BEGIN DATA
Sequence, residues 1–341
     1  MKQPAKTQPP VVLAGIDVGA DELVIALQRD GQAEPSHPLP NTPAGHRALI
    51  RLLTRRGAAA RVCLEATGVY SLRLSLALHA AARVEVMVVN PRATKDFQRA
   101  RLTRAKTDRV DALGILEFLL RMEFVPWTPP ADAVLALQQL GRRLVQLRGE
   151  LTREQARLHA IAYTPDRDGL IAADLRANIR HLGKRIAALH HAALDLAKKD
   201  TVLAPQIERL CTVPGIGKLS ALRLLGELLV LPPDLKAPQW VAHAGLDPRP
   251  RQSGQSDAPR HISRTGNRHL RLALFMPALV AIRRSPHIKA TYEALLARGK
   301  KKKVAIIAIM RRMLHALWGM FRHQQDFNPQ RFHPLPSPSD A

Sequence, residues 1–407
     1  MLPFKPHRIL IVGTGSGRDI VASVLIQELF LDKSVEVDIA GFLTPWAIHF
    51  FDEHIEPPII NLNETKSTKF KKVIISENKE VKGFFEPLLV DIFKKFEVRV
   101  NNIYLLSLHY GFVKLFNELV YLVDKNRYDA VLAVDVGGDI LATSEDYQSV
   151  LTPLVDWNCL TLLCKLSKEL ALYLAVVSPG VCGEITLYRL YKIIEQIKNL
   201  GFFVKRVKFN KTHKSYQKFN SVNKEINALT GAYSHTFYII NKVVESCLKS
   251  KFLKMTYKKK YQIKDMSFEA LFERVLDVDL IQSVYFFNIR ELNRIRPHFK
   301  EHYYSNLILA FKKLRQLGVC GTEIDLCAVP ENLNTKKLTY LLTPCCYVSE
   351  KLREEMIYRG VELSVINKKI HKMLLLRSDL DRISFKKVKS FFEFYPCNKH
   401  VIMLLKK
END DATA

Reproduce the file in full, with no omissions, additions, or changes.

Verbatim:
Sequence, residues 1–341
     1  MKQPAKTQPP VVLAGIDVGA DELVIALQRD GQAEPSHPLP NTPAGHRALI
    51  RLLTRRGAAA RVCLEATGVY SLRLSLALHA AARVEVMVVN PRATKDFQRA
   101  RLTRAKTDRV DALGILEFLL RMEFVPWTPP ADAVLALQQL GRRLVQLRGE
   151  LTREQARLHA IAYTPDRDGL IAADLRANIR HLGKRIAALH HAALDLAKKD
   201  TVLAPQIERL CTVPGIGKLS ALRLLGELLV LPPDLKAPQW VAHAGLDPRP
   251  RQSGQSDAPR HISRTGNRHL RLALFMPALV AIRRSPHIKA TYEALLARGK
   301  KKKVAIIAIM RRMLHALWGM FRHQQDFNPQ RFHPLPSPSD A

Sequence, residues 1–407
     1  MLPFKPHRIL IVGTGSGRDI VASVLIQELF LDKSVEVDIA GFLTPWAIHF
    51  FDEHIEPPII NLNETKSTKF KKVIISENKE VKGFFEPLLV DIFKKFEVRV
   101  NNIYLLSLHY GFVKLFNELV YLVDKNRYDA VLAVDVGGDI LATSEDYQSV
   151  LTPLVDWNCL TLLCKLSKEL ALYLAVVSPG VCGEITLYRL YKIIEQIKNL
   201  GFFVKRVKFN KTHKSYQKFN SVNKEINALT GAYSHTFYII NKVVESCLKS
   251  KFLKMTYKKK YQIKDMSFEA LFERVLDVDL IQSVYFFNIR ELNRIRPHFK
   301  EHYYSNLILA FKKLRQLGVC GTEIDLCAVP ENLNTKKLTY LLTPCCYVSE
   351  KLREEMIYRG VELSVINKKI HKMLLLRSDL DRISFKKVKS FFEFYPCNKH
   401  VIMLLKK